BOE’s Bailey Slams EU Stance on Swaps Clearing After Brexit
(Bloomberg) -- Bank of England Governor Andrew Bailey warned the European Union against demanding that euro derivatives are settled by clearinghouses inside the bloc, saying such a move would be a “very serious escalation” and that it would draw a U.K. response.
The EU appears to be moving towards a policy of insisting such trades are located in the bloc, Bailey said during a hearing with U.K. lawmakers on Wednesday.
A so-called location policy of forcing banks and dealers to move clearing business to the EU would be “very controversial,” Bailey said. “I have to say that that would be something we would have to, and want to, resist very firmly.”
His comments -- his strongest yet -- are a mark of the post-Brexit tensions and Britain’s growing frustration about the EU’s reluctance to grant so-called equivalence rulings that would enable London-based finance firms to operate in the bloc.
The lack of an agreement has put London’s decades-long dominance of European finance under threat. This year, the Square Mile lost its crown to Amsterdam as Europe’s top place to buy and sell stock while traders have shifted some interest-rate swaps out of the U.K.
The London Stock Exchange Group Plc’s clearinghouse in London is the dominant location for euro derivatives and the EU has allowed it to continue handling trades for European clients through June 2022. The European Commission, the EU’s executive arm, is pressing banks and other traders to shift more euro-denominated business to the bloc.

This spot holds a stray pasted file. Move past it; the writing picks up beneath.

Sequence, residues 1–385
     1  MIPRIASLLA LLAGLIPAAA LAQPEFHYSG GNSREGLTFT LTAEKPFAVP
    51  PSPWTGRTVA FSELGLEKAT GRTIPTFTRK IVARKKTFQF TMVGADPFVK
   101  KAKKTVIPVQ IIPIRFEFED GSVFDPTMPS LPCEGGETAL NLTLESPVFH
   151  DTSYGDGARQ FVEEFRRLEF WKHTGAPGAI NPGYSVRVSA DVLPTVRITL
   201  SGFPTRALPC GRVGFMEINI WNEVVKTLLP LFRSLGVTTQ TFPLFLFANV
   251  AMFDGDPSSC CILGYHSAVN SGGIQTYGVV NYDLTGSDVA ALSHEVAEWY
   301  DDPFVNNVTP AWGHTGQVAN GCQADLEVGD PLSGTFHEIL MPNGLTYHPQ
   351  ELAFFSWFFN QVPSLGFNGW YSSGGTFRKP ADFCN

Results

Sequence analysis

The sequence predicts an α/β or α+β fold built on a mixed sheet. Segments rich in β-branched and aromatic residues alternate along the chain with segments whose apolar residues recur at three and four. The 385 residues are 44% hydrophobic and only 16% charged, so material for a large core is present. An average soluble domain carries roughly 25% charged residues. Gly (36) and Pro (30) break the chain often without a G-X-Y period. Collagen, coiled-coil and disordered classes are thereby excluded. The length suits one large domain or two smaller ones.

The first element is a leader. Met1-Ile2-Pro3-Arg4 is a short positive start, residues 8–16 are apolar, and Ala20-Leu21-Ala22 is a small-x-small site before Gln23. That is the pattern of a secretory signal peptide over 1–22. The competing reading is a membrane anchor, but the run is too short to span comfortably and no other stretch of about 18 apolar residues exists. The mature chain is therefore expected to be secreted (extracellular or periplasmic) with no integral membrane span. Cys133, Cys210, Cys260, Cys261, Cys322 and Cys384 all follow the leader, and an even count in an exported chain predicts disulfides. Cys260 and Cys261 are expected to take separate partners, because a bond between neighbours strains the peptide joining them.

If the temporary equivalence decision isn’t renewed, Bailey said a quarter of euro-derivatives clearing business would need to shift to the EU. The rest could stay in London because it is the most efficient place for it, he said.
“If only 25% moves, it isn’t really very viable,” Bailey said. “The EU takes something, but it doesn’t take a piece that’s really viable for its own industry to conduct in the EU.”
Bailey said it now appears the EU is seeking to pressure firms into relocating the other 75% of the business too, outside of any consideration around whether the U.K.’s regulations are equivalent.
“This debate is not about equivalence,” he said.
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